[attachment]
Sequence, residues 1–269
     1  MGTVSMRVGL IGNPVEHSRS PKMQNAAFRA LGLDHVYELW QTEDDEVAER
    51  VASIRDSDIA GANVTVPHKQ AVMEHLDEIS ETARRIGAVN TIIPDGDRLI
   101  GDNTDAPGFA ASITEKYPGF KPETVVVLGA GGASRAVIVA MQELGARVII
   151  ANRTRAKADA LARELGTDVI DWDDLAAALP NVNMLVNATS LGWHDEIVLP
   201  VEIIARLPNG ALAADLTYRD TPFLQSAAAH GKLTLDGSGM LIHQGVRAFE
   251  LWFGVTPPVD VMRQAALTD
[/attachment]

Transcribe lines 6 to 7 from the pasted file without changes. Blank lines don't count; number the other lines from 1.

   201  VEIIARLPNG ALAADLTYRD TPFLQSAAAH GKLTLDGSGM LIHQGVRAFE
   251  LWFGVTPPVD VMRQAALTD